Au Pairing After the Au Pair Scheme – ESRC Research Project Dissemination Event

in Academic Service - Archive by on October 17th, 2014

Event Date: 17 October 2014
Keynes Library
43 Gordon Square
Birkbeck, University of London
London WC1E 7HX

The Birkbeck Institute for Social Research, Birkbeck, University of London presents:

‘Au Pairing After the Au Pair Scheme’ – ESRC Research Project Dissemination Event

A ‘perfect storm’ of long working hours, high childcare costs, the cultural devaluing of reproductive labour and the availability of a large, low-waged labour force from other EU countries, make the UK home to up to 90,000 au pairs at any one time – probably the largest number anywhere in the world.  For many British families au pairs are the only workable solution to the ‘childcare crisis’ but they are only affordable because their work is not recognised and their poor conditions are justified through discourses of cultural exchange and adventure.

In November 2008 the UK government deregulated au pairing, removing all official guidance about what an au pair could or couldn’t do and all protections for au pairs in terms of working hours, pay and living conditions.  This event reports on findings from a two-year ESRC funded research project that has been investigating the effects of this deregulation and considers the importance of au pairs to UK families.  Au pairing is a significant form of low-paid domestic labour that is depended upon by tens of thousands of households in order to balance the demands of work and family life.

The project brings together two important issues for contemporary society – women’s changing relationship to the home and paid work and the growth in labour migration.  It worked with au pairs and host families, stakeholders in the sector and collected data from 1000 advertisements for au pair posts in order to understand what au pairing is in contemporary Britain and what part it plays in the lives of au pairs.

Speakers:

Bridget Anderson (COMPAS University of Oxford)
Nicky Busch (Birkbeck)
Rosie Cox (Birkbeck)
Helle Stenum (Roskilde University, Denmark)

Programme:

Welcome by Professor Sasha Roseneil (Birkbeck):

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Introduction by Dr Rosie Cox (Birkbeck):

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Panel One

Dr Rosie Cox (Birkbeck):

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Dr Nicky Busch (Birkbeck):

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Panel discussion:

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Panel Two

Dr Helle Stenum (Roskilde University, Denmark):

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Professor Bridget Anderson (COMPAS University of Oxford):

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Panel discussion:

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Mary Beth Mader – Whence intensity? Deleuze and the revival of a concept

in Academic Service - Archive by on October 16th, 2014

 

Event Date: 16 October 2014
Room JG5002,
John Galsworthy Building,
Penrhyn Road Campus, Penrhyn Road,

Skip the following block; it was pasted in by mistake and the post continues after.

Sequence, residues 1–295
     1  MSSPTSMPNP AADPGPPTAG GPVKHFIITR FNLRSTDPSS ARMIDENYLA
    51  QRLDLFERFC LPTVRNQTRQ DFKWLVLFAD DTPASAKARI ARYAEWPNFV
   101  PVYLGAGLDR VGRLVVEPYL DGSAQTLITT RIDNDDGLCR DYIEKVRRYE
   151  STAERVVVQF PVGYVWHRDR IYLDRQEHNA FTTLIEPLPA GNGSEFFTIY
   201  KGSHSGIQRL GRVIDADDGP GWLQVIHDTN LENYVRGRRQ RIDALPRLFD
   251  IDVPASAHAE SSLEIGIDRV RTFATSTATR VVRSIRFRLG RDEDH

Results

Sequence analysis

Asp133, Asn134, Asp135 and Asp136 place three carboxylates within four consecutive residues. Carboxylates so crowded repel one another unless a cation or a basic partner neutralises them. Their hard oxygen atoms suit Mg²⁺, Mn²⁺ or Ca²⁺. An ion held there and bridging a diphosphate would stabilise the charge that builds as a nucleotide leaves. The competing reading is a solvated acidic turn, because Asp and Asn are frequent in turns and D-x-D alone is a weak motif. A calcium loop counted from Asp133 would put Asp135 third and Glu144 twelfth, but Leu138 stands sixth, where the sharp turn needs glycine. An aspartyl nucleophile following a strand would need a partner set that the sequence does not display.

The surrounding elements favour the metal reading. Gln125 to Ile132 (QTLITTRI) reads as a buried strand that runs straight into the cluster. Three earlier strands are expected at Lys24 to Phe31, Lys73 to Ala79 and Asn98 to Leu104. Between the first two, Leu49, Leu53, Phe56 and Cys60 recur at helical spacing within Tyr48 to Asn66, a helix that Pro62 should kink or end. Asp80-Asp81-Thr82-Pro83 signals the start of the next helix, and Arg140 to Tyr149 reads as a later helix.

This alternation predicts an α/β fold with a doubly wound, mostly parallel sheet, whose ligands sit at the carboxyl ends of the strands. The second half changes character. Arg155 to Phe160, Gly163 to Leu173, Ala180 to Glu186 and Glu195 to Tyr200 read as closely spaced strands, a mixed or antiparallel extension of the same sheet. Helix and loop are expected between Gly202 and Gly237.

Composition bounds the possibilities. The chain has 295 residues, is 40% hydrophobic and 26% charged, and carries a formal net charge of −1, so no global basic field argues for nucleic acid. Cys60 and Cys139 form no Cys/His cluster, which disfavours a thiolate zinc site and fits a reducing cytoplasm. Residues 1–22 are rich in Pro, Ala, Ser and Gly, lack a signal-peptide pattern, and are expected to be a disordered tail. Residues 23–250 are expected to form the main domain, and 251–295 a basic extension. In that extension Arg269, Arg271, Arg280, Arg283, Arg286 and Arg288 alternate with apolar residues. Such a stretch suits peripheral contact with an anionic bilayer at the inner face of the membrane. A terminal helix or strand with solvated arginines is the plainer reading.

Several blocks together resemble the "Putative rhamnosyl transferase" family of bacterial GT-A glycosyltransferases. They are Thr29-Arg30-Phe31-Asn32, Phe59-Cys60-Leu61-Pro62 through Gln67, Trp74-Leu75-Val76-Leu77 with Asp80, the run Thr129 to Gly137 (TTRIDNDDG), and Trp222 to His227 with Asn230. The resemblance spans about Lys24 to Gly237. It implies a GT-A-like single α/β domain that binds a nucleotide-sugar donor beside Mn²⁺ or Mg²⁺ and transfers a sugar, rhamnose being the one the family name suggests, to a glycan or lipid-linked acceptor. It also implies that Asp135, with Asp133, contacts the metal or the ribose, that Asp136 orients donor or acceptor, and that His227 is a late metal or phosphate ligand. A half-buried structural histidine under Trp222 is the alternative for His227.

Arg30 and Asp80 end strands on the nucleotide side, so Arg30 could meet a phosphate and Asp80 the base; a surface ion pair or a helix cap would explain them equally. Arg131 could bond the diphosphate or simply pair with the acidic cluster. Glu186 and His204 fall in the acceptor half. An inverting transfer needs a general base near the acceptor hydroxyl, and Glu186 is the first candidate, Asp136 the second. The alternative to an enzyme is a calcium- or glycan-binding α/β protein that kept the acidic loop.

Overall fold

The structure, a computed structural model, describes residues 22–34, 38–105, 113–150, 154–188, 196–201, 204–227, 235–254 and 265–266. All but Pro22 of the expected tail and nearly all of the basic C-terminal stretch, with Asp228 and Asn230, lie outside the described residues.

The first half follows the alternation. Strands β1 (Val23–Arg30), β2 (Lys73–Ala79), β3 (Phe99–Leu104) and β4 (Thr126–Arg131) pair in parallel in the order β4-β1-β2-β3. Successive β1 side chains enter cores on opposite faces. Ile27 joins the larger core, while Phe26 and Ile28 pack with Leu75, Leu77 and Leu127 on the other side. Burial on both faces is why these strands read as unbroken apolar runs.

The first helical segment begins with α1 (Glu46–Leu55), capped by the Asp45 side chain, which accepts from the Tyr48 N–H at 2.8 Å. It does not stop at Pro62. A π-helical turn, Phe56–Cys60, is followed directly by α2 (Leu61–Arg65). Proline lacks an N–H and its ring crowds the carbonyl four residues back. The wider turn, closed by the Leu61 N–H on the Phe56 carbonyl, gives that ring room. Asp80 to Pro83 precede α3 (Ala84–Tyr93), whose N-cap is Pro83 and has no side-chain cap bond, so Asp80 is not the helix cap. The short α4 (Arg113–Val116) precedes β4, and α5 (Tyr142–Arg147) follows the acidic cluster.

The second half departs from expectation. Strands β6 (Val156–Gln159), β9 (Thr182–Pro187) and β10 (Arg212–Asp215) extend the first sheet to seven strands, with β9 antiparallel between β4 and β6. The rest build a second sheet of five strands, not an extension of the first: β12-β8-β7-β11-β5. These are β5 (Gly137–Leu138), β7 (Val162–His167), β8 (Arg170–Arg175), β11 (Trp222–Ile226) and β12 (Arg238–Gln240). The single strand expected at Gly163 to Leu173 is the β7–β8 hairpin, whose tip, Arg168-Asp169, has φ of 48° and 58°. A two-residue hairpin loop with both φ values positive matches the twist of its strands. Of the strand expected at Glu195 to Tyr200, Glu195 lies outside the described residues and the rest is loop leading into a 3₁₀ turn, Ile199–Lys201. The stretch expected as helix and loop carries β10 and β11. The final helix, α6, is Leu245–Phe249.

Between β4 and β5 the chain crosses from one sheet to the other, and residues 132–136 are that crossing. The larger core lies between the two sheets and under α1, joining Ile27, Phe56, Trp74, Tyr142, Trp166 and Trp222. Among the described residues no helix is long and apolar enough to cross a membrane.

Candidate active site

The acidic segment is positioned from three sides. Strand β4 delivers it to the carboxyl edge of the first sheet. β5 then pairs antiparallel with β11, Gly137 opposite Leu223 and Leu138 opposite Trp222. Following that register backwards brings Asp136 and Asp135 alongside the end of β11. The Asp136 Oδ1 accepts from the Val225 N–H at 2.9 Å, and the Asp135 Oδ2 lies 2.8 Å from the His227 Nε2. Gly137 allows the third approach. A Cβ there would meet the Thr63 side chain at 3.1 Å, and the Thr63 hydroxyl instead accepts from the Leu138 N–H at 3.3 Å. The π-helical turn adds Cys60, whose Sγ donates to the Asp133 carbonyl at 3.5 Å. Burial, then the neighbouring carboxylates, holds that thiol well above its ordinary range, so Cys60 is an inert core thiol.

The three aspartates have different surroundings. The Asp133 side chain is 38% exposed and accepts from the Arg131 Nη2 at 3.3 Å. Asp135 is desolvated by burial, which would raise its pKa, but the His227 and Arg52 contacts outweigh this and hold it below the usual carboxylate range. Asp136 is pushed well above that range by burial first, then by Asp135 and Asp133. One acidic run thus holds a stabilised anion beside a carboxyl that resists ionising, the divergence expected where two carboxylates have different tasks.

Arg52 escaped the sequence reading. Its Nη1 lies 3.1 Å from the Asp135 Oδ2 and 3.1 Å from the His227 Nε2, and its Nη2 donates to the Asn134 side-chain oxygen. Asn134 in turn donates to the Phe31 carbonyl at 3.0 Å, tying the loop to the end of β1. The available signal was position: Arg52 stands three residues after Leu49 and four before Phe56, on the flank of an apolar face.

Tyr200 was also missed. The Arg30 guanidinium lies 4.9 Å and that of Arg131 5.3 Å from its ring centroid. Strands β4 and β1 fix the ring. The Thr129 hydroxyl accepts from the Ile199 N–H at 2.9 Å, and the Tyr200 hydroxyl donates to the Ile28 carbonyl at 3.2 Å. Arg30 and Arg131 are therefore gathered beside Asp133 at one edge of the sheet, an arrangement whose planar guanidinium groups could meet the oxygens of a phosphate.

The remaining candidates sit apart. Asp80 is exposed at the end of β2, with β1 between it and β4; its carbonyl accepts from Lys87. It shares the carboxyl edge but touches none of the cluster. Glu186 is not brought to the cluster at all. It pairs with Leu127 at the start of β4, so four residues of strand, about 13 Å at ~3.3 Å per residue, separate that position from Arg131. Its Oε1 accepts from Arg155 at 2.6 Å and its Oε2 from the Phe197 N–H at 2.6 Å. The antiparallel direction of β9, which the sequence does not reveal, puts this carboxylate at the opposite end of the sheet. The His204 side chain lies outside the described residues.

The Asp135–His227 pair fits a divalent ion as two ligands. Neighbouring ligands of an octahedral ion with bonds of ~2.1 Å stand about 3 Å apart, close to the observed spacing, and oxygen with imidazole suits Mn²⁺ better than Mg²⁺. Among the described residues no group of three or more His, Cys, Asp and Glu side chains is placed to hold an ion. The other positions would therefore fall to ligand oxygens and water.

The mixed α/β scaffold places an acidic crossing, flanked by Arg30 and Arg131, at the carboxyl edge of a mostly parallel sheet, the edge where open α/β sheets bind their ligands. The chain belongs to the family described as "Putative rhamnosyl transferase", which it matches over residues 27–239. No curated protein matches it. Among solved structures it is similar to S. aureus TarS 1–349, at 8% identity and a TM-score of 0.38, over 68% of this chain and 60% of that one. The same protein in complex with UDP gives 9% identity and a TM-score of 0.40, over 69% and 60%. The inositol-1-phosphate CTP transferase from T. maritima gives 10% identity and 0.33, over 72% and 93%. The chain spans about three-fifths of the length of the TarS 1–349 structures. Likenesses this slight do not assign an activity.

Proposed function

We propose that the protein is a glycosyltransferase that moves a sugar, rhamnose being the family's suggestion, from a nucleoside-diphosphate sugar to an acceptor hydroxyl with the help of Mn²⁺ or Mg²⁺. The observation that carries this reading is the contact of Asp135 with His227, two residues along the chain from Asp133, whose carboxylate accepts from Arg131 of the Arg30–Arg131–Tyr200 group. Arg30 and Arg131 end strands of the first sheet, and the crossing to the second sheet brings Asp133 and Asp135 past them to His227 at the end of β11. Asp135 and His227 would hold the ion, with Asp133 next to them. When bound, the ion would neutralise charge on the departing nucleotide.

Kingston upon Thames,
Surrey KT1 2EE

The Centre for Research in Modern European Philosophy (CRMEP), Kingston University presents:

Professor Mary Beth Mader (Memphis University) – Whence intensity? Deleuze and the revival of a concept

Introduction by Professor Peter Osborne (CRMEP):

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Chantal Schutz – The scholar’s melancholy is emulation; the musician’s, fantastical: Shakespeare and Dowland

in Academic Service - Archive by on October 16th, 2014

                                                   

Event Date: 16 October 2014
Rose Theatre,
24-26 High Street,
Kingston, KT1 1HL

 

The Kingston Shakespeare Seminars

The Kingston Shakespeare Seminar (KiSS) brings leading Shakespeare scholars to the Rose, which the director Peter Hall created to be a “teaching theatre”. Here Sir Peter directed Dame Judi Dench in a celebrated production of “A Midsummer Night’s Dream”. But KiSS also commemorates Kingston’s historic connection with Shakespeare, which goes back to David Garrick – who lived here, and built the beautiful Shakespeare Temple beside the Thames – and to the very first royal performances of some of his greatest plays in the Great Hall at Hampton Court.

Chantal Schutz (University of Paris III) with Jamie Akers, lute – “The scholar’s melancholy is emulation; the musician’s, fantastical”:  Shakespeare and Dowland

Introduction by Professor Richard Wilson (Kingston):

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Minna Moore Ede – Making a Space for Art: Two case studies: Titian Metamorphosis 2012, National Gallery, London and Sampling the Myth, Royal Opera House, London

in Academic Service - Archive by on October 15th, 2014

Event Date: 15 October 2014

Picture Gallery

Royal Holloway University of London
Egham, Surrey
TW20 0EX

The Humanities and Arts Research Centre at Royal Holloway University of London presents:

A talk by Dr Minna Moore-Ede on the occasion of the launch of the HARC 2014-15 Fellowship project ‘Making Space for Art’, a collaboration between the curator of the Picture Gallery at Royal Holloway, Dr Laura MacCulloch, and the Visual Arts and Cinema Research Group in the School of Modern Languages, Literatures and Cultures.